Headteachers show ‘huge sympathy’ to striking teachers

Teacher strike ‘more likely than it’s ever been’ says NEU chief

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Headmasters are ignoring the Goverment suggestions on how to keep schools open during the upcoming teacher strikes due to being sympathetic to their staff’s demands. The first strike will take place on February 1 in both England and Wales as the National Education Union (NEU) plan a teacher walkout.

On Tuesday, schools began writing to parents that students may have to stay home during the teacher strikes, which could affect entire year groups.

The Goverment has advised schools to adopt new measures during the strikes, such as bringing in supply teachers, having bigger class sizes or arranging days out for students with theatre or sports trips in order to keep schools open.

However, Geoff Barton, the general secretary of the Association of School and College Leaders, has said school leaders have “huge sympathy” with their teacher colleagues.

He said: “[Headermasters] are just as frustrated that the Government has failed to address this appalling situation.”

Mr Barton also said that using volunteers or agency staff to cover teachers on strikes may cause “a difficult issue as it may sour industrial relations”.

The Telegraph has reported that some school leaders are hesitant to keep schools open as they fear being labelled strikebreakers if they bring in support staff.”

However, the source added that headteachers were “mostly” sticking to plans in order to be open for vulnerable, critical workers, early years, Year 6 and Years 11 and 13”.

The Co-op Academy Southfield, a special secondary school in Bradford, has said to parents that the upcoming strikes “may mean that some children will need to remain at home”.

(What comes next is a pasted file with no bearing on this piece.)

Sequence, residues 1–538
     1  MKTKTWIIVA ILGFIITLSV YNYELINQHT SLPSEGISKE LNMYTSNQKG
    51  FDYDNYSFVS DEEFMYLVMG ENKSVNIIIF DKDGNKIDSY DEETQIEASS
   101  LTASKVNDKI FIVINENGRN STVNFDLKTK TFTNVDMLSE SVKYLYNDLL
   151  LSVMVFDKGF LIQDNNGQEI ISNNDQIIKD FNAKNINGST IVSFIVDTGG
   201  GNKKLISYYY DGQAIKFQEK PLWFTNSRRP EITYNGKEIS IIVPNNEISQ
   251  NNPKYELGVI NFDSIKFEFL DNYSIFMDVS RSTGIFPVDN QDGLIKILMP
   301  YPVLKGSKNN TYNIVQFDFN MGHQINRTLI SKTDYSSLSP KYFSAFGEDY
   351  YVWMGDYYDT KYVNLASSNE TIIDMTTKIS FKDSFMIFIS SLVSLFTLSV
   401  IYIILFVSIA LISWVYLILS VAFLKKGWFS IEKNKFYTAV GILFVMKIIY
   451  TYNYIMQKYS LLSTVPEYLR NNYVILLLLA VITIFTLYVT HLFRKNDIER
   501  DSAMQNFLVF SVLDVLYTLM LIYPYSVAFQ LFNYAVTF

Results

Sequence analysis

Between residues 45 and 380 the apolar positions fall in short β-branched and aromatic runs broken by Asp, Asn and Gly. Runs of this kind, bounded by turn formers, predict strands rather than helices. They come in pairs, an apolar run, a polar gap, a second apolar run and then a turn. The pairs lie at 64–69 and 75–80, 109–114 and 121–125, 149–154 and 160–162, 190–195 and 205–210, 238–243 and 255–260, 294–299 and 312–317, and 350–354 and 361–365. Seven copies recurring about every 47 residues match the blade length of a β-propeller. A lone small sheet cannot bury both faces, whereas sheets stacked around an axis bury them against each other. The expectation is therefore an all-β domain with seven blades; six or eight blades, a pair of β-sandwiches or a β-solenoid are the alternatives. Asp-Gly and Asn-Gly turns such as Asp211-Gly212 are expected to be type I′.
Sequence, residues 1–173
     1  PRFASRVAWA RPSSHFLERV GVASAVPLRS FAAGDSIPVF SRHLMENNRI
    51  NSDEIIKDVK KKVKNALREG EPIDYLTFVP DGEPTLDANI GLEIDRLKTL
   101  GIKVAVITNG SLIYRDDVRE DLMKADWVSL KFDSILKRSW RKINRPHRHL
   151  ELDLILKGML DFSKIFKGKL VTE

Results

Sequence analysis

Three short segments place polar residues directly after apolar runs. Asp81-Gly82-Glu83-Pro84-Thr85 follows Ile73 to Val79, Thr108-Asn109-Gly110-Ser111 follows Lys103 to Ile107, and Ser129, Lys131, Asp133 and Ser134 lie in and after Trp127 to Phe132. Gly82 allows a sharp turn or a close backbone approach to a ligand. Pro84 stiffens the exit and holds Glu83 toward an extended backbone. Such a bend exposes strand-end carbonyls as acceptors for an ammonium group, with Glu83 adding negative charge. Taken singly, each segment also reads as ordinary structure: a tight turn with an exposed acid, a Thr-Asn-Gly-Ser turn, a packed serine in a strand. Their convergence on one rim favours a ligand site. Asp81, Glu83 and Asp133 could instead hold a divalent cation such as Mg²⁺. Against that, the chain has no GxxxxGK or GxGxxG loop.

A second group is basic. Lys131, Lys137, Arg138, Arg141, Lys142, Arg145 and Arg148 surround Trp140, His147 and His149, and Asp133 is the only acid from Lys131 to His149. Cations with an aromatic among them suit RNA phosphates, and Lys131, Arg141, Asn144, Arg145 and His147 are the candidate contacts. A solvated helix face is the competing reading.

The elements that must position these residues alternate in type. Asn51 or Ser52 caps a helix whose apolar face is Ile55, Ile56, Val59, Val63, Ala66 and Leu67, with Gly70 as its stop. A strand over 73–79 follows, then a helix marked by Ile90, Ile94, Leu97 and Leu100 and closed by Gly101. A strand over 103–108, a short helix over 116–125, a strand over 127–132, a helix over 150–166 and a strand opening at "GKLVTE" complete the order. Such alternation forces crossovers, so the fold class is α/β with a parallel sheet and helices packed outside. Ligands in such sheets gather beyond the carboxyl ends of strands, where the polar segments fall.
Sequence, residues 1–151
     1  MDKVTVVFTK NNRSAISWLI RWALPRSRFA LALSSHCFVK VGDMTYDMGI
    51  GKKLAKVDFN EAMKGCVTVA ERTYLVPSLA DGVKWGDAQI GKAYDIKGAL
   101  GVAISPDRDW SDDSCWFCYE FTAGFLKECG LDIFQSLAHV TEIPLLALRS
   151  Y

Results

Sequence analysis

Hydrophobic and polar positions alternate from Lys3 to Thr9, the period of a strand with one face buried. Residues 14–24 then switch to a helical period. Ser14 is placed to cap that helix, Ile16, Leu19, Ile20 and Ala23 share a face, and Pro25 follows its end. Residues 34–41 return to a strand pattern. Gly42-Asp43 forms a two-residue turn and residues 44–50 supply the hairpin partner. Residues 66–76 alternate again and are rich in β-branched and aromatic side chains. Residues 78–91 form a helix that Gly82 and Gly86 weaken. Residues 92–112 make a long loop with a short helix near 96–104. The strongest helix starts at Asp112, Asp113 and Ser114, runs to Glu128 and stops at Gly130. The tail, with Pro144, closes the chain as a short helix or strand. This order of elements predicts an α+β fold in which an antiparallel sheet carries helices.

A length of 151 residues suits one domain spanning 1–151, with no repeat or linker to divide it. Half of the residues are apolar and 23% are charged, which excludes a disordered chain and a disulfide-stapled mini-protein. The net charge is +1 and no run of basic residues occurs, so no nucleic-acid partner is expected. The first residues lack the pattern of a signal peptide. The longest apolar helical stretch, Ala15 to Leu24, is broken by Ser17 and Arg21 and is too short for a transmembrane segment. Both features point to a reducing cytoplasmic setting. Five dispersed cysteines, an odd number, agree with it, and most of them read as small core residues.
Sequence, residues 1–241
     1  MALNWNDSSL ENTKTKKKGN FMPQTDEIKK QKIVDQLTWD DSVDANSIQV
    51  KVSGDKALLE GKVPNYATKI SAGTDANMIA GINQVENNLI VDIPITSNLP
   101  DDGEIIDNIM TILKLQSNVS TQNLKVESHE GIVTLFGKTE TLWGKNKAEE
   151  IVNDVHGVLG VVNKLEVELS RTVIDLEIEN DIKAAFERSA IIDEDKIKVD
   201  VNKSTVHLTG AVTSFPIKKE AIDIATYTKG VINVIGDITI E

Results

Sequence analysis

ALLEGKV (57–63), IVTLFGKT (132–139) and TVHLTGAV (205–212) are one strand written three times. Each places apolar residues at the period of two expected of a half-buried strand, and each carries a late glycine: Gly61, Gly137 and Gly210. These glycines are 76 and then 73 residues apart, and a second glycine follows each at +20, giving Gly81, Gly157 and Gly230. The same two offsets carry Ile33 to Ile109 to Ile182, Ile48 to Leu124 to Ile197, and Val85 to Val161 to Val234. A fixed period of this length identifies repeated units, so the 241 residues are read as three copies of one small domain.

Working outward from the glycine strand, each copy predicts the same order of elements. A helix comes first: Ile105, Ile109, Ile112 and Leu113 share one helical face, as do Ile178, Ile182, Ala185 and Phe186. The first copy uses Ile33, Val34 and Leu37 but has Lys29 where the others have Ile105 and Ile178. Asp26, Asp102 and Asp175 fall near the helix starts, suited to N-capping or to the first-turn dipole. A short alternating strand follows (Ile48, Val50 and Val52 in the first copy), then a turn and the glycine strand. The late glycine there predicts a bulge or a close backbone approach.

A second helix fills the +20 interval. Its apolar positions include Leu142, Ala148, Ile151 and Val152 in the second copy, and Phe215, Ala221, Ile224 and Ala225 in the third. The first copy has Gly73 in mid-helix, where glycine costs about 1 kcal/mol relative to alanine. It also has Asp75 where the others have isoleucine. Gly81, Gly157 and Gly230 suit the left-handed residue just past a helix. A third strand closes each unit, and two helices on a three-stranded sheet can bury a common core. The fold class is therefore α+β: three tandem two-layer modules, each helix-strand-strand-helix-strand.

Vic Goddard, co-principal of Passmores Academy in Harlow, Essex, has said that while he supports the upcoming strikes he feels “torn” about closing the school.

He said it may make an impact for the teachers by closing the school for some year groups, but he also wished to support his local community by keeping the school open.

Iain Mansfield, the head of education at the Policy Exchange think tank also spoke about the impact closing schools may have on students.

He said: “It may not be possible to do so in every case, but any heads who deliberately refuse to implement the guidance the Department for Education has set out are not acting in the best interests of children.

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Jonathan Gullis, the Conservative MP for Stoke-on-Trent North and the former education minister under Liz Truss, has accused headteachers of supporting strike disruption by refusing to consider options to keep schools open.

He said: “Any head who creates a postcode lottery in the quality of education that young people can get will be undermining the teaching profession, undermining parents who will be losing out on pay and undermining pupils and their progression – all for their own selfish game.”

During the House of Commons debate on industrial action last week, Mr Gullis criticised teachers’ unions and accused them of making students “continue to suffer”.

He said: “I am very worried seeing teachers going on strike, because it is the pupils who will suffer most, particularly disadvantaged pupils from areas such as Stoke-on-Trent North, Kidsgrove and Talke.

“While I am a huge admirer of the incredible work that teachers do, they are sadly being cajoled out of the classroom by baron bosses in unions such as the ‘Not Education Union’, led by Bolshevik Bousted and Commie Courtney, along with their Labour mates, to make sure that kids continue to suffer. What can we do to ensure pupils will not be victims any further?”

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